Search - Ed Wood (Special Edition) on DVD

Ed Wood (Special Edition)
Ed Wood
Special Edition
Actors: Johnny Depp, Martin Landau, Sarah Jessica Parker, Patricia Arquette, Jeffrey Jones
Director: Tim Burton
Genres: Comedy, Drama
R     2004     2hr 7min

From Tim Burton, acclaimed director of BIG FISH, EDWARD SCISSORHANDS, and BATMAN, and the producer of THE NIGHTMARE BEFORE CHRISTMAS, comes the hilarious, true-life story of the wackiest filmmaker in Hollywood history, Ed ...  more »


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Movie Details

Actors: Johnny Depp, Martin Landau, Sarah Jessica Parker, Patricia Arquette, Jeffrey Jones
Director: Tim Burton
Creators: Tim Burton, Denise Di Novi, Michael Flynn, Michael Lehmann, Larry Karaszewski, Rudolph Grey, Scott Alexander
Genres: Comedy, Drama
Sub-Genres: Bill Murray, Drama
Studio: Touchstone / Disney
Format: DVD - Black and White,Widescreen,Anamorphic - Closed-captioned,Subtitled
DVD Release Date: 10/19/2004
Original Release Date: 09/28/1994
Theatrical Release Date: 09/28/1994
Release Year: 2004
Run Time: 2hr 7min
Screens: Black and White,Widescreen,Anamorphic
Number of Discs: 1
SwapaDVD Credits: 1
Total Copies: 0
Members Wishing: 27
Edition: Special Edition
MPAA Rating: R (Restricted)
Languages: English
Subtitles: Spanish

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Member Movie Reviews

William W. (wdavidw) from TYLER, TX
Reviewed on 8/1/2010...
Ed Wood in recent years has gained notoriety as the worse director of all time, and to tell you the truth his films were pretty bad. This film does a good job of portraying the 50's era, and Ed Wood as a guy with high ideals and ambition, but totally misguided in how to execute them. (Granted he generally had a shoe string budget to work with.) Once you've seen this bio pic, you might want to savor some of Wood's original films just out of sheer curiousity. Check out Glen or Glenda, a story about the trials of a transvestite or the uh, classic? Plan 9 From Outer Space.
3 of 3 member(s) found this review helpful.
Vanessa V. (sevenspiders)
Reviewed on 1/28/2010...
"Ed Wood" is Tim Burton's love letter to the man no one loved. Johnny Depp as camp horror director Edward D. Wood Jr. is an underdog who lived and died an underdog, a cock-eyed optimist who was never fazed by his own failure, carrying on with blithe good humor. In that way, "Ed Wood" is a tremendously inspirational story for anyone who's ever had something fall through.

And not just an inspirational story, but a highly entertaining one. Ed Wood's Hollywood career was awash with colorful characters among them Criswell, Tor the Wrestler, Vampira and foremost- Ed Wood's muse: Bela Lugosi. Burton depicts Wood and his motley crew in the same heightened-shadows cinematic style of the old Universal horror films, making this biopic more visually interesting than most.

Ed Wood's films may be nigh unwatchable (I sat through sixty-odd minutes of Plan 9 From Outer Space just to say I had) but "Ed Wood" is charming, fresh, nostalic and honest.
4 of 4 member(s) found this review helpful.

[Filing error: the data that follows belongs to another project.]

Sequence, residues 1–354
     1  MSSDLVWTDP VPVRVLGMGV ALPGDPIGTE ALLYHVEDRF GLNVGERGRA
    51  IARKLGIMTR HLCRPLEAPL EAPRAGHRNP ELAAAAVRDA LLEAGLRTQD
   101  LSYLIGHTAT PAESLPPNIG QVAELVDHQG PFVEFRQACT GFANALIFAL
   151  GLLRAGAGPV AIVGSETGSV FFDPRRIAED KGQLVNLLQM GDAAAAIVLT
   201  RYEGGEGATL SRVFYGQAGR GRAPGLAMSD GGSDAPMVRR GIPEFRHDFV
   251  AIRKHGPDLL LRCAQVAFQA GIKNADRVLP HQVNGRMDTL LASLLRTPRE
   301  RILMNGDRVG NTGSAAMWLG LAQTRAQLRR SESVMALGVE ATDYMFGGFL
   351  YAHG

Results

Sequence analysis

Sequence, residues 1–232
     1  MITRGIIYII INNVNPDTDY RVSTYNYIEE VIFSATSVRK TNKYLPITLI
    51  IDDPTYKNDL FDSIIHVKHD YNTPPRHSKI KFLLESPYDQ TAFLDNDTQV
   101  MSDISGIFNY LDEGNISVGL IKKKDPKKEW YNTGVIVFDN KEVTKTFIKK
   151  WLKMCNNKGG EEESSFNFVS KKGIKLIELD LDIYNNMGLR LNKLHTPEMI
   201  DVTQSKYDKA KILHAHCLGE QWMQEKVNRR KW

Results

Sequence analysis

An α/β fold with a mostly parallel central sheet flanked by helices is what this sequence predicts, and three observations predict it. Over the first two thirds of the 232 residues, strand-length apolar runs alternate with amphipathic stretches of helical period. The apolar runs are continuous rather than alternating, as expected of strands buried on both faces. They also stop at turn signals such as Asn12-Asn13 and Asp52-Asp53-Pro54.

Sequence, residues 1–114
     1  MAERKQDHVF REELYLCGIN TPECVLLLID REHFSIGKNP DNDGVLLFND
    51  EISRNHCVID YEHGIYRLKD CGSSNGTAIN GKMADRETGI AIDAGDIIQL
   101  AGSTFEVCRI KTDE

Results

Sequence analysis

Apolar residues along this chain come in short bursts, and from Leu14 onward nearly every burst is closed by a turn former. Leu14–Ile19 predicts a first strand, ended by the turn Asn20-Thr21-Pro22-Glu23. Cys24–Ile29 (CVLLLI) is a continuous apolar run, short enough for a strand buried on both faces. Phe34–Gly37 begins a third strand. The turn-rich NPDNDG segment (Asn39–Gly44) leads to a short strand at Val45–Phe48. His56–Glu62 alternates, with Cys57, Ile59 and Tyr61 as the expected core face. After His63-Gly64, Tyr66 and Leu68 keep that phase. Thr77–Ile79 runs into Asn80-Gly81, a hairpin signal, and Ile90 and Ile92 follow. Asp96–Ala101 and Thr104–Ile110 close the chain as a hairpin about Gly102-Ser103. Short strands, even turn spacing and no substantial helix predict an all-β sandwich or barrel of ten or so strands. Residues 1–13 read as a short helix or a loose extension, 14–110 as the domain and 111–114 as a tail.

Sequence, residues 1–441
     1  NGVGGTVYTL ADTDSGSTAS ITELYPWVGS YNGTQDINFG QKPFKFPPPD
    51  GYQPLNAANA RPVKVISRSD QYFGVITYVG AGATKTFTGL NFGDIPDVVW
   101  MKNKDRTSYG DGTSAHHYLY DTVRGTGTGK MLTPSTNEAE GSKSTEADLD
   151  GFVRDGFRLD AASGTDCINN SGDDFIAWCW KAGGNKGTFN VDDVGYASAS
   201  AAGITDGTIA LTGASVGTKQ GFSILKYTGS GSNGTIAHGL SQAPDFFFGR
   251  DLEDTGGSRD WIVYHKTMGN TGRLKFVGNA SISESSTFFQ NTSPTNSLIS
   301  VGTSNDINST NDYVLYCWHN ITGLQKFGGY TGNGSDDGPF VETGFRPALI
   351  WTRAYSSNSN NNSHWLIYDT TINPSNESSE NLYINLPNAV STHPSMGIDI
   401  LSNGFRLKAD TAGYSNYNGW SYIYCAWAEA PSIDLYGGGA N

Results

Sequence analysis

Movie Reviews

One of the Best Films You've Probably Never Seen
Gary F. Taylor | Biloxi, MS USA | 06/08/2004
(5 out of 5 stars)

"Ed Wood (1924-1978) is generally regarded as the single worst film maker to emerge from Hollywood. This is not really true, for there were and are aplenty worse. But one thing has always set Wood above the pack, and that was his own unshakable faith in his talent. Unfortunately, the faith was misplaced and the talent was nonexistent--and although this Tim Burton film takes a slew of liberties with the facts of Wood's life and career, it does a remarkable job of capturing them as Wood likely saw them through the filter of his own outrageous ego.The film has two tremendous assets: the performers and its visual style. Johnny Depp leads the cast in the title role, and it is a virtuoso performance, for he entices us to like a man whose self-blindness would normally lead an audience to reject him out of hand; the performance is incredibly witty, wildly over the top, and yet it contains just enough pathos to allow us to relate to Wood on a human level. But the real stunner in the cast is Martin Landau, who picked up a Best Supporting Academy Award for his performance as Bela Lugosi, a legendary actor who was very much a forgotten star (not to mention morphine addict) by the time Wood befriended him in the early 1950s.As with Wood himself, the film plays fast and loose with the facts of Lugosi's life, but it nonetheless captures something very essential about both Lugosi and the Hollywood that destroyed him, something very elemental that transcends the weird comedy of the piece. And Landau gives the performance of his career; you truly believe that this is Lugosi before you, a strange but appealing mixture of faltering humanity and arrogance desperate for an audience now lost to him. Other memorable performances include Bill Murray as the inept and very la-dee-dah actor Bunny Breckinridge; Jeffrey Jones as The Amazing Criswell, popular "psychic" and occasional Wood actor; Lisa Marie as television's "Vampira;" and Sarah Jessica Parker as Wood's fast wife and occasional actress Dolores Fuller. Indeed, there isn't a false note in the entire cast right down to the bit players and extras.In terms of visual style, Tim Burton nails the very look of an Ed Wood film in glittering black and white--but working with a budget that Wood never dreamed of he merges it with a series of classic Hollywood idioms that lift the style out of Wood's unfortunately flat style and into the realm of high art. In both look and direction, I strongly feel that this is Burton's single finest film to date.If the film has a flaw, it is that at times it recreates the flatness of an Ed Wood film a bit too precisely over too long a period--and the result can feel slightly dragged. And it is also a film that will register most clearly with those who have actually seen the films on which the movie focuses, so it may not appeal to the uninitiated. But for those who have the right eye, it is a remarkable film--and a film that desperately needs the DVD release that has been so repeatedly postponed. Wickedly funny, unexpectedly touching, extremely memorable... and strongly recommended.GFT, Amazon Reviewer"